Funding - Affordable housing development involves piecing together many different funding sources. IHI applied to the Portland Housing Bureau for $975,000 in January 2011 and was awarded funding in February 2011. This first commitment of funds is critical, not only to get the ball rolling but also to show local support for the project. With the City on board, IHI was able to apply for additional funds from the State. We submitted this funding application to Oregon's Housing and Community Services Department in April 2011, requesting an allocation of federal Low Income Housing Tax Credits (LIHTCs) along with several other state grant sources. On July 22, 2011 the State awarded IHI nearly $8 Million in grants and tax credits to fully fund the project! Once we had tax credits, IHI needed to select a tax credit investor to acquire our tax credits and become IHI's equity partner in the deal. We issued a Request for Proposals to investors interested in the deal and ultimately selected Raymond James Tax Credit Fund as our investor partner. They invested over $8 Million of equity in the project and will own 99% of the property during the LIHTC 15-year compliance period.
Design - IHI worked with Carleton Hart Architectureto design a beautiful new building that will blend into the neighborhood and also energize a vacant stretch of streetscape on Martin Luther King Jr. Boulevard. During the design process IHI's housing development, asset management, and resident services staff work closely with our architects and contractors to solidify our programming goals, building design, and discuss building systems. IHI is working with an environmental consultant to help us maximize our green impact and achieve LEED certification. IHI also works closely with neighborhood associations and local neighbors to solicit their input about design, commercial tenants, and community needs. For example, we increased the amount of glass storefront in the commercial space in response to requests from neighbors for more visibility, accessibility, and the desire for a more "active" street front.
Construction - IHI involves its contractors early in the development process to tell us how much it will cost to build what is being designed, and also to suggest design changes that will result in a better structure and save money. Our general contractors for this project were Walsh Construction Co. and Faison Construction. They worked with IHI and our architects throughout the design process to ensure that The Magnolia got the biggest bang for our buck. We used an energy efficient "super skin" with a brick façade that will contribute to operating cost savings and long term durability. We also chose a PT slab construction type, which means that the second floor is structural concrete with wood framing above. Construction started in September, 2012 (read the DJC story about our construction start) and was completed in September, 2013. You can watch the buildings rise by following our construction in progress pictures on this page!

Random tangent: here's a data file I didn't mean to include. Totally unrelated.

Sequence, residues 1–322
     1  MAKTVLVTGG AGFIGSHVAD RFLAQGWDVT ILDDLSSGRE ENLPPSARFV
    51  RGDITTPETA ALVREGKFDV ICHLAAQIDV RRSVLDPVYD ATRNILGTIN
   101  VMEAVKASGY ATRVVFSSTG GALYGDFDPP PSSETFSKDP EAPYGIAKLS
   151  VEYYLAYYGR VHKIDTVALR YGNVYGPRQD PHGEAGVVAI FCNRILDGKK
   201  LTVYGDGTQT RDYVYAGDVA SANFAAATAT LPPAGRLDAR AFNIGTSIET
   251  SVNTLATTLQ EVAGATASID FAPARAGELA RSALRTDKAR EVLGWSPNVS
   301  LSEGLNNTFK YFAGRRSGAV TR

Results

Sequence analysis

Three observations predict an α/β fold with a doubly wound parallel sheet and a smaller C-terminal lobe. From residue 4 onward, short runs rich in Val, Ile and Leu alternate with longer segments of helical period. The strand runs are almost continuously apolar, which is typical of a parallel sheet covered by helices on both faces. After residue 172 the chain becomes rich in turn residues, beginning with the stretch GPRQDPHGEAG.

Lease Up - IHI does not self-manage; we hire professional property managers to handle day-to-day management of our housing, which includes collecting rents, taking care of maintenance requests, and paying the bills. They also handle lease-up, which is a big undertaking and must be completed on a strict schedule to meet tax credit delivery dates. Income Property Management is managing the Magnolia. They began pre-leasing units in July, well before future residents could visit or see an apartment, and finished leasing all 50 units on October 31, 2013 (spooooky!). The Magnolia, with its modern design, high-end finishes (concrete floors, granite countertops, roof decks), and great location attracted nearly 3 applications for every unit and leased in record time. Because one of IHI's goals was to provide affordable housing to people who are quickly being priced out of Northeast Portland, we used a local, grassroots marketing strategy rather than conventional advertising methods. We put up leasing signs on the building and focused our outreach on local businesses, community centers, and partners. We wanted people who already lived and worked in the community to know that an affordable option was available. It worked! The Magnolia is now home to 50 households, most of whom had a connection to the community. And rents are affordable - one-bedrooms started at $499/month, less than half of what is being charged directly across the street.